Hearing Health

Understanding the Different Degrees of Hearing Loss

Hearing loss

Hearing loss is relatively common in the USA — around 48 million Americans have some degree of hearing loss, according to the Hearing Loss Association of America — and hearing tends to get naturally worse with age. While hearing loss affects people in different ways, if you’re experiencing any problems, better understanding the degree of your hearing loss will help you take the necessary next steps for better hearing health.

Difficulty understanding certain words in noisy environments, frequently asking people to repeat themselves, or turning up the volume on the TV are all signs that may indicate some degree of hearing loss. If these examples sound familiar, the first step is always taking a quick hearing test to determine the degree of your hearing loss. A professional audiologist can do this by measuring how loud a sound has to be before you notice it.

Sounds are measured in decibels. Hearing loss is also measured with decibels: the more sounds you can’t hear at certain decibel levels, the greater your hearing loss is. Determining the degree of your hearing loss is crucial, as hearing aids are tuned to make the sounds that cannot be heard louder, rather than just making all sounds louder.

The Different Degrees of Hearing Loss

Mild hearing loss: cannot hear sounds lower than 26 to 40 dB

Mild hearing loss may not be so noticeable, as you can still hear most sounds if you get a bit closer or turn the volume up. However, with mild hearing loss, you may find it difficult to understand certain words in noisy environments, soft spoken people, or children, and might struggle to hear quiet sounds like people whispering, electronic devices humming, or distant noises. You may be able to hear the loud or more intense vowel sounds but may miss some of the softer consonant sounds like “p” or “b”.

Moderate hearing loss: cannot hear sounds lower than 40-69 dB

Moderate hearing loss is definitely more noticeable, as you may find that you miss out on sounds that you’ve heard before or may frequently have to ask people to repeat themselves. Both mild and moderate hearing loss can typically be treated effectively with standard hearing aids. People with moderate hearing loss often comment that without hearing aids they can hear but can’t always understand speech and sounds. With moderate hearing loss, you may have to rely on visual cues, such as speechreading, to understand some people’s speech.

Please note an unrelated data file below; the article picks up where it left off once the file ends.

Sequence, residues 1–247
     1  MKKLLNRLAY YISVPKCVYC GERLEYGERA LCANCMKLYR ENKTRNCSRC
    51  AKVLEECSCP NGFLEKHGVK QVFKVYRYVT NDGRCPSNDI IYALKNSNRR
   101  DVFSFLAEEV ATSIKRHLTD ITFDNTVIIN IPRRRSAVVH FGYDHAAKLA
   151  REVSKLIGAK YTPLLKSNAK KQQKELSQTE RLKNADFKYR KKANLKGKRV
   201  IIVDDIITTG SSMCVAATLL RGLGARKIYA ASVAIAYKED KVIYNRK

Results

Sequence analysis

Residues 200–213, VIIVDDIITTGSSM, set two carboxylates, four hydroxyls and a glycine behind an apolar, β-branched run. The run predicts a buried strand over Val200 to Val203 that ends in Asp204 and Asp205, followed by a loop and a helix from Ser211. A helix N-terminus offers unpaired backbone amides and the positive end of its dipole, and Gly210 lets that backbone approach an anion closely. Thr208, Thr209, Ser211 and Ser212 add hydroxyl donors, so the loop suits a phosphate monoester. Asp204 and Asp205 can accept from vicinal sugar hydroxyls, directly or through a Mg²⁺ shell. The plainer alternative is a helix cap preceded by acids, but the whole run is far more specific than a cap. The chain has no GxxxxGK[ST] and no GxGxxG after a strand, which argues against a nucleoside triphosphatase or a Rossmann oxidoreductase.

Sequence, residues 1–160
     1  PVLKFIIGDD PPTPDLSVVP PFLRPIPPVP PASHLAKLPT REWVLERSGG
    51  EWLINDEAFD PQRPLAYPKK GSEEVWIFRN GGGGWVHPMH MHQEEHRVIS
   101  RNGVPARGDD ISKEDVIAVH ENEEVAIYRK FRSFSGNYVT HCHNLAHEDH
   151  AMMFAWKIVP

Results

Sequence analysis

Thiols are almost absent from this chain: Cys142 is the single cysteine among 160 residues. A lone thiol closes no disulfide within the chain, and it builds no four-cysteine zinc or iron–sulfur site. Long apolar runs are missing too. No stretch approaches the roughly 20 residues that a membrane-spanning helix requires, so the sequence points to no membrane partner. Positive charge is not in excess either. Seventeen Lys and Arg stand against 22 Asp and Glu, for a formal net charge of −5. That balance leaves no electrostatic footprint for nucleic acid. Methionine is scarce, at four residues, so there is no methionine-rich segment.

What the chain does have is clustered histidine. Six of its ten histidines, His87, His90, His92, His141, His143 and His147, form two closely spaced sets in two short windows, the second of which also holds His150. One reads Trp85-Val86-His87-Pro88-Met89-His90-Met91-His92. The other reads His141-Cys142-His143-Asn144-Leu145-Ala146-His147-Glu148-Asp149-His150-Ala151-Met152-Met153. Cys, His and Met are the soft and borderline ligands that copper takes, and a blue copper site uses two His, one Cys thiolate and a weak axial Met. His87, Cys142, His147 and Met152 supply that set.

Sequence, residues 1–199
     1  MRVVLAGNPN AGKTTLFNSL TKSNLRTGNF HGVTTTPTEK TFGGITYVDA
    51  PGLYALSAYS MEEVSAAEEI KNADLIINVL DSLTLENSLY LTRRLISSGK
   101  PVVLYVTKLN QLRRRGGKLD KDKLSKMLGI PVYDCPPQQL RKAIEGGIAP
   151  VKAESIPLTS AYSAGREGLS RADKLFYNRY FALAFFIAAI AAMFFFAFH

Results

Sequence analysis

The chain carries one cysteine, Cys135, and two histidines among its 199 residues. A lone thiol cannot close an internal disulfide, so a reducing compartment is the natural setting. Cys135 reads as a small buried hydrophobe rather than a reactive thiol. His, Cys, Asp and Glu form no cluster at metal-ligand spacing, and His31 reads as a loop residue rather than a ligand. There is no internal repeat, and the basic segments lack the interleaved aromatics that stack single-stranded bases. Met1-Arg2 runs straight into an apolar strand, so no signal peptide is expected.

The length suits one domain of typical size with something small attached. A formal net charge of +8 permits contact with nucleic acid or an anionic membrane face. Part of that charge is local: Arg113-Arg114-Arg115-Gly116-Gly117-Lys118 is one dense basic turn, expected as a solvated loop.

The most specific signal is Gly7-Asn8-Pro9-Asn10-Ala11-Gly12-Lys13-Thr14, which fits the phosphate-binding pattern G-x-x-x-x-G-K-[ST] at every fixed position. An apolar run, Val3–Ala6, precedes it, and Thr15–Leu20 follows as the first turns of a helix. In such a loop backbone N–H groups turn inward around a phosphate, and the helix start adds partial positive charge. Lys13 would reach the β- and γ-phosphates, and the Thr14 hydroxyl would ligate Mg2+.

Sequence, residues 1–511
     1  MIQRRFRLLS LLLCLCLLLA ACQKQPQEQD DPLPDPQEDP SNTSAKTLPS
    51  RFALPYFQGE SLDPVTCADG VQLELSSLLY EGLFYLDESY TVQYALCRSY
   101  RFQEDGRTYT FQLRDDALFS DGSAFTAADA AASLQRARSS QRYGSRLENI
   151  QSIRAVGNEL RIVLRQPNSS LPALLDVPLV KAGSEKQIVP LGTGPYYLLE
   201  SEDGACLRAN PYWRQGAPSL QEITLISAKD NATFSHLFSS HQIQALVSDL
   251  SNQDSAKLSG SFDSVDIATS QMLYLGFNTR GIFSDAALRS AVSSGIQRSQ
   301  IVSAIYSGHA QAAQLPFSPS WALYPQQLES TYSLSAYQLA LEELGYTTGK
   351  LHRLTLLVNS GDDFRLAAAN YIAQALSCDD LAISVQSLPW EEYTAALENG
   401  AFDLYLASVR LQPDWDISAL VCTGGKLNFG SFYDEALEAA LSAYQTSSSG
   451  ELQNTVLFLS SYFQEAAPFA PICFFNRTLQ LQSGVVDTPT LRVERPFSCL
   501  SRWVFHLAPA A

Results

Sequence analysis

Severe hearing loss: cannot hear sounds lower than 70-94 dB

With severe hearing loss, you can’t hear people speaking without the use of hearing aids or other amplification in normal environments. You may have to turn up the TV to an extent that is bothersome for others. Family members or others will have to speak very loudly or shout for you to hear them speak. You miss relatively loud sounds like the phone, the doorbell, or traffic noises. Visual cues are necessary to understand what is being spoken.

Profound hearing loss: cannot hear sounds lower than 95 dB

If you have profound hearing loss, you can only hear extremely loud sounds, like thunder, fireworks, or an airplane engine. Conversations can only be detected with the help of a hearing aid and someone may perceive limited benefit. In order to comprehend speech, a cochlear implant is usually recommended. Visual cues are necessary to help understand speech.

How Visual Cues Help

Visual cues, like looking at a person’s lips while they speak in noisy environments, help people with hearing loss better understand speech. A 2018 study by the UCL Ear Institute in London found that visual information is integrated with auditory information at an earlier, more basic level than previously believed, independent of any conscious or attention-driven processes.

When information from the eyes and ears is temporally coherent, the auditory cortex — the part of the brain responsible for interpreting what we hear — boosts the relevant sounds that tie in with what we’re looking at. This means that for people with hearing loss, looking at somebody’s lips when they’re speaking doesn’t just help them hear because of their ability to recognize lip movements, but also because the timing of the movement aligned with the timing of the sounds tells their auditory neurons which sounds to represent more strongly.

To sum up, if you’re experiencing hearing loss, trying to pay attention to visual cues may help you hear better in certain environments. Asking people to face you when speaking to you will help as well. However, this alone is of course not enough and getting proper help from an audiologist is essential.

An audiologist is a professional who can quickly determine the degree of your hearing loss through a simple and easy hearing test and will be your biggest ally on your journey towards better hearing health. If you’ve already taken a hearing test, our article on How to Read an Audiogram can help you better understand your results at home. If you’d like to get your or a loved one’s hearing evaluated, book an appointment today.

About Dr. Marie Vetter-Toalson Au.D.

Dr. Marie Vetter-Toalson Au.D. is the owner of Chicago Hearing Services and a Doctor of Audiology dedicated to empowering her patients and the public with greater knowledge and education around hearing health.